In the e-commerce realm, this could be something like the experience on Artsper, an arts buying and selling website that will offer browsing pages via clicking on one of the top navigation categories, such as “Painting”. The “Discover” category provides a literal discovery experience that can lead users to unexpected and interesting buys they may have not considered before.
Most of us are familiar with search filters, which enable us to narrow down search results to categories applicable to what we are looking for. For example, we could narrow down a search for a headset by choosing a brand or a category.
But, when we search for a bluetooth headset specifically, our experience is that much better if filters offered are narrowed down to the ones applicable to bluetooth headsets only.
This is what facets do: they make sure that only filters that match the result set are available to you. In addition to making for a smoother, faster discovery experience, facets prevent the dreaded “no results” page, which could happen if the same filters showed up for your “headset” and “bluetooth headset” searches.
Filters and facets are often used interchangeably; for a great explanation of nuanced differences between the two, check out this article by the Nielsen-Norman group.
You should allow your users to be both searchers or browsers.
Searchers are in pursuit of finding exactly what they are looking for (e.g., a pair of jeans in a certain brand, color and size). Browsers, on the other hand, have a potential intent to get something, but may not exactly be sure what (e.g., a business casual outfit that may include a pair of jeans).
Your e-commerce site search should enable users to start by either searching or navigating, then further refine their results by leveraging the other strategy in addition — for example offering facets after the user performs a search, or making filters and facets searchable.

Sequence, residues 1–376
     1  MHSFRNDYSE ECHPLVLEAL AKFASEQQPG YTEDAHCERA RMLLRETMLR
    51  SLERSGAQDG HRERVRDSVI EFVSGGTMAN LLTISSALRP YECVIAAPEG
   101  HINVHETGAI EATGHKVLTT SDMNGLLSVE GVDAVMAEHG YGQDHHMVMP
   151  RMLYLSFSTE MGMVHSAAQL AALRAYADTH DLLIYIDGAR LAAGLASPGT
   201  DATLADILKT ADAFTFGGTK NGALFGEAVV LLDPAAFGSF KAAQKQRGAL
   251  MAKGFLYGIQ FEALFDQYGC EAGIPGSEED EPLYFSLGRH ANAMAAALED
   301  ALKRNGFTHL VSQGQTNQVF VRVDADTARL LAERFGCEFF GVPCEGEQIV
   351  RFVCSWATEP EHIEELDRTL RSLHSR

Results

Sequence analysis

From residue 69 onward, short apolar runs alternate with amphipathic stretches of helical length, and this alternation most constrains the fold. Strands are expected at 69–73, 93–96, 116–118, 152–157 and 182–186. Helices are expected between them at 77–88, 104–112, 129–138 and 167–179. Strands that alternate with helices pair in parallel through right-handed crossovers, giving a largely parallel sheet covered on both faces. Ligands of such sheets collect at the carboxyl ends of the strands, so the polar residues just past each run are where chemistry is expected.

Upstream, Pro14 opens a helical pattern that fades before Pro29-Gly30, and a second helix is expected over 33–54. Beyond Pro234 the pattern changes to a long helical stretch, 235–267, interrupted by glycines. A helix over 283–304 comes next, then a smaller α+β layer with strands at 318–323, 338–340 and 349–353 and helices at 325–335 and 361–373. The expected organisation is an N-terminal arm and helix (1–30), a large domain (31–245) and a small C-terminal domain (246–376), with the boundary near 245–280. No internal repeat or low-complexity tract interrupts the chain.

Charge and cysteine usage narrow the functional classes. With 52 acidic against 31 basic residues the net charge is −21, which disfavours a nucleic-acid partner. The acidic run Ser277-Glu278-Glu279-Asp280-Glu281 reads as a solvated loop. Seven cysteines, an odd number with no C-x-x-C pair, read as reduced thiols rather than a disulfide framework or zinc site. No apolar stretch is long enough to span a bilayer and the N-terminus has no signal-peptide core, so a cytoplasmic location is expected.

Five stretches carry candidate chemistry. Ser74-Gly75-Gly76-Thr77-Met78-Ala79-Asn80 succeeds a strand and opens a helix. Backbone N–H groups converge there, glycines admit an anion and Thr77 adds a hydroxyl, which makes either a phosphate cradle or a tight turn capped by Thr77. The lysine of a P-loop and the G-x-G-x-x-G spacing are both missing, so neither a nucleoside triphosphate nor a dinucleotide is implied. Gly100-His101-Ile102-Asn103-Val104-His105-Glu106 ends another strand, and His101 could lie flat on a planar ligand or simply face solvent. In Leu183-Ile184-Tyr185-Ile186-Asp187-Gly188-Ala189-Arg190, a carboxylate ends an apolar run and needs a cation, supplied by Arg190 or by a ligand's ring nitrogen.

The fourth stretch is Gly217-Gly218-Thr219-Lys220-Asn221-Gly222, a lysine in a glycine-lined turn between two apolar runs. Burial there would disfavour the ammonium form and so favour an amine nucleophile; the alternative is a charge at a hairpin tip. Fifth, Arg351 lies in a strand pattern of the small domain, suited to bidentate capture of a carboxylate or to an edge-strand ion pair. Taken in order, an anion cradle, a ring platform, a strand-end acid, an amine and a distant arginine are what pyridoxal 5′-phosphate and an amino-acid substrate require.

Here is an example of using a category page search box to enhance the filtering/faceting experience.
In addition to providing your users results most relevant results based on purely textual matching, your e-commerce business has a great opportunity to offer them content or products they are most likely to act on. For example, you could track conversion rates on products, and display first results with the highest conversion rate, or customize rankings based off your product popularity, newness, or availability. With this ability to modify search results based on your business metrics — what we call “business ranking” — you can also test which products your customers want, and refine rankings further based on the experiments’ outcome.
This is where merchandising comes in. Use your search and discovery tool to reflect a promotional campaign, merchandise keywords like “t-shirt”, merchandise category pages, pin certain items, or hide items from results.
Recommendations can give searchers a set of matching results, brands and categories that allow them to easily drill down into what they want. Ideally, these recommendations are incorporating key user data, such as their past search history or demographics. This is also an opportunity for e-commerce businesses to offer sponsored results, items with high margin, etc.
Amazon does a great job here (although one could argue that their recommendation algorithms could do better at times):
Geo search, also known as location-based search or local search, is another powerful e-commerce search and discovery tool that improves the search experience by letting customers know which products of yours are close by and available.
Using search and discovery in a unified, fluid way will give your customers a clear, intuitive search experience that will shorten their path to the shopping cart, and leave them satisfied with your site — and happy to return for more.
Consider this: e-commerce is now happening everywhere. Social media platforms like Instagram and Facebook have native shopping tools, and personal assistants allow consumers to make purchases using their voice. The more powerful and easier it is for users on your digital properties to find both what they’re looking for and what they may want—even though they may not yet know they want it—will make your e-commerce search engine the business-driving juggernaut it is meant to be.